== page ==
Weeping White Pine

A Few Facts About The Weeping White Pine

To say the Weeping white pine, Pinus strobus 'Pendula', is an attractive tree is quite an understatement. The Weeping white pine is a conifer, and an evergreen, and unlike most pine trees which are characterized by individual branches consisting mostly of "dead" zone, this species features beautiful cascading branches covered with soft needles. The cascading effect is even more striking when cones are present. The oblong cones, rather than growing out, or upright, appear to follow the path of the cascading branches.


Growth Characteristics - The Weeping white pine is a small to medium sized evergreen, normally growing to a height of anywhere between 10' and 20', and usually spreads out to between 8' and 10'. The Weeping white pine must be supported if substantial vertical growth is desired, and can be at its most attractive when trained. If unsupported it will often take on the characteristics of a low spreading bush or a ground cover rather than that of an upright tree. These characteristics however may make it just the right choice for a rock garden or anywhere in the garden where you may want the branches to cascade over rocks or structures. The tree is hardy in most USDA zones (3 through 9) and is at its best in cooler climates. In warmer zones it is best planted where it gets at least partial shades, as it does not always tolerate very hot conditions for an extended period, not is it particularly drought tolerant. Still, it will do well in fairly dry soil as long as it gets water on occasion. Like other conifers it does best in full sun, but will also tolerate partial shade. Too much shade will often result in a slower growing tree with sparse limbs and an unattractive shape. The pine will grow at a rate of about a foot a year.

There Is Also A Dwarf Variety - The needles are bluish green and extremely soft. They are also aromatic and as such attract butterflies. The bark is smooth and gray, becoming a darker gray as the tree ages. As one might expect, this tree is a beauty at all times of the year and may be near its best when covered by a light snowfall. Like other weeping trees, such as the Weeping cherry, Weeping beech, and other weeping conifers, the Weeping white pine is usually planted as a specimen plant. There is dwarf version of this beautiful tree, the Dwarf Weeping white pine, Pinus Strobus “Niagara Falls”, which according to some is an improved version of the standard tree, being fuller in appearance. The dwarf variety has only been on the market for a little over 10 years, and may still be difficult to find in some areas.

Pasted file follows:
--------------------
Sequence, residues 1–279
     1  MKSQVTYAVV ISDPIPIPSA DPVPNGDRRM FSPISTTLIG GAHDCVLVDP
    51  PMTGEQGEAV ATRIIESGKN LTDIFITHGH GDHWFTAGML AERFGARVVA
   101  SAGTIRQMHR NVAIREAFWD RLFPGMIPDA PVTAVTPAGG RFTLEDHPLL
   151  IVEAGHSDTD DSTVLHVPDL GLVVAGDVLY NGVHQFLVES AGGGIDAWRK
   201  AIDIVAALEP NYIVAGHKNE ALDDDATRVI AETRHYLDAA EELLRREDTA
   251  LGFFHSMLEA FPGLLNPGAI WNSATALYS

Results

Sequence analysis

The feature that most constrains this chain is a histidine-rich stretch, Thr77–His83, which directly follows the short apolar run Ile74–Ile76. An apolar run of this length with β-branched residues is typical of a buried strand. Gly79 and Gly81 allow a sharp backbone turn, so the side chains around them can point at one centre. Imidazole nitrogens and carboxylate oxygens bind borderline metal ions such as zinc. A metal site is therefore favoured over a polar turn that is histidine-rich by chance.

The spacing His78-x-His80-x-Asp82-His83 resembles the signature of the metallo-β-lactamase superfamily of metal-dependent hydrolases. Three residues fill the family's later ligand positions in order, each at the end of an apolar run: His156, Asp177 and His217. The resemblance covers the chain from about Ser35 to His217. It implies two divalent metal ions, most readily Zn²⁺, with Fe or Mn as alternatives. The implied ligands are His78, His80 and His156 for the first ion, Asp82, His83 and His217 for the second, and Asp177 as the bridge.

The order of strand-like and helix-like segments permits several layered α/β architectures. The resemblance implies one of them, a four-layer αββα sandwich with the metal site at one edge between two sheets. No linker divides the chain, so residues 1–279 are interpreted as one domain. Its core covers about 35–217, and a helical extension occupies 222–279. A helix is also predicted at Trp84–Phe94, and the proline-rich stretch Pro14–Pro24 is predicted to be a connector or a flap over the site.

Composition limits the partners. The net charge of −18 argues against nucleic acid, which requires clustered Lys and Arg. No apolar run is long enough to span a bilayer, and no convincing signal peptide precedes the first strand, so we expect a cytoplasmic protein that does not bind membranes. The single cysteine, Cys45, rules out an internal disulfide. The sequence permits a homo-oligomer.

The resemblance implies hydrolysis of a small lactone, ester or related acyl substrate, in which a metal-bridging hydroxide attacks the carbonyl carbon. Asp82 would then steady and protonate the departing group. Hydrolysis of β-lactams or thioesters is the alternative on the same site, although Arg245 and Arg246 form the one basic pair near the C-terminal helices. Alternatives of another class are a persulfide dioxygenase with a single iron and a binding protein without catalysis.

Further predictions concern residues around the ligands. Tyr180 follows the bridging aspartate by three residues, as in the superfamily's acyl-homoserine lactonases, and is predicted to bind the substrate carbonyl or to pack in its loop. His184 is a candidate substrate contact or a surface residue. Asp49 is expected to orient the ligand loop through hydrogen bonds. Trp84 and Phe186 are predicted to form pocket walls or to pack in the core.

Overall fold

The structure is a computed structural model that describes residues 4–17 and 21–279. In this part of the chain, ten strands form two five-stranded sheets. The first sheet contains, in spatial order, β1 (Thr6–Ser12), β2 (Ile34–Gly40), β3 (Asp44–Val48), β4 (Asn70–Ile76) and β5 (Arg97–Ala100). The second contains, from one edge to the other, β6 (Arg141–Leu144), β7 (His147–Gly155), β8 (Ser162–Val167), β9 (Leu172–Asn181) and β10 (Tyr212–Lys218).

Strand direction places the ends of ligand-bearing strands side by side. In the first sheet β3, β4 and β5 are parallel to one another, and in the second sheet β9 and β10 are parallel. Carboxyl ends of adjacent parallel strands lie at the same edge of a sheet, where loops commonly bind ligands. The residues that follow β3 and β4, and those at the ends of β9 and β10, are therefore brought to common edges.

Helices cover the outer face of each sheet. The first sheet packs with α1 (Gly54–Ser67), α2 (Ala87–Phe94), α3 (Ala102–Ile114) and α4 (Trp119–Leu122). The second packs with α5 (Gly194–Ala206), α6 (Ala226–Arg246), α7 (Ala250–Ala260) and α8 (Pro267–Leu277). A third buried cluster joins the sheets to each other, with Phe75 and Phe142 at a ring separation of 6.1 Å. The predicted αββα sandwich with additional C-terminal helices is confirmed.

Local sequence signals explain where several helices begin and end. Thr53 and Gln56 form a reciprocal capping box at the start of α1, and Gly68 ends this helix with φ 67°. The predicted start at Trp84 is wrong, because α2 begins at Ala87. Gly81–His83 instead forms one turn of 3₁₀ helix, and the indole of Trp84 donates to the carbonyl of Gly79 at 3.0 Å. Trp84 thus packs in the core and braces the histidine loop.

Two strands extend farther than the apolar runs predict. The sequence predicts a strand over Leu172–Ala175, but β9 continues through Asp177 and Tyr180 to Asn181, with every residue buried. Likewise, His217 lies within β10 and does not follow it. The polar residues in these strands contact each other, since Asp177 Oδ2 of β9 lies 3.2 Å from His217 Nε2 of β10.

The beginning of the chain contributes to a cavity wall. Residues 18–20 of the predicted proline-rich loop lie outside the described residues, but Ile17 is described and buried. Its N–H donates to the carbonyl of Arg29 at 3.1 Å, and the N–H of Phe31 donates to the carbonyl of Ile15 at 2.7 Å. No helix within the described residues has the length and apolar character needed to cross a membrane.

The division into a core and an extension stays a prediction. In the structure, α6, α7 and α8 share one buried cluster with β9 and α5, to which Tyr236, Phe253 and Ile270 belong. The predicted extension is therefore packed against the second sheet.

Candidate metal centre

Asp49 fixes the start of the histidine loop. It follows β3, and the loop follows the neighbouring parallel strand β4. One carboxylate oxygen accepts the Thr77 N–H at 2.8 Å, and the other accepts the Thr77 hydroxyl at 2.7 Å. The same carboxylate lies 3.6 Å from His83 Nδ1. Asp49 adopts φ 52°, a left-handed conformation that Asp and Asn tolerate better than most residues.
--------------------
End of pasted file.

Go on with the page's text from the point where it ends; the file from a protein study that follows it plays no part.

Pruning Considerations - Since this is a tree that takes well to training, an obvious question that comes up is whether it takes to pruning. Some conifers take to pruning better than others, but one has to be cautious, especially where pines are concerned. One of the characteristics of conifers is that the new needles form at the ends of the branches. This is particularly noticeable when observing most pine trees, where the needles are at or near the very tips of the branches. There can be several years worth of new needles at the end of a branch and if the branch is cut too far back, these will be lost and the branch will die. You can cut back from the tip, but only where there are still green needles.  If you prune back to a green needle, new buds will often form. Prune back to where there are no green needles, and the branch is lost. Pruning a Weeping white pine then is best done to remove dead or diseased or unattractive branches. When pruned to improve aesthetic appeal, pruning must be done with caution.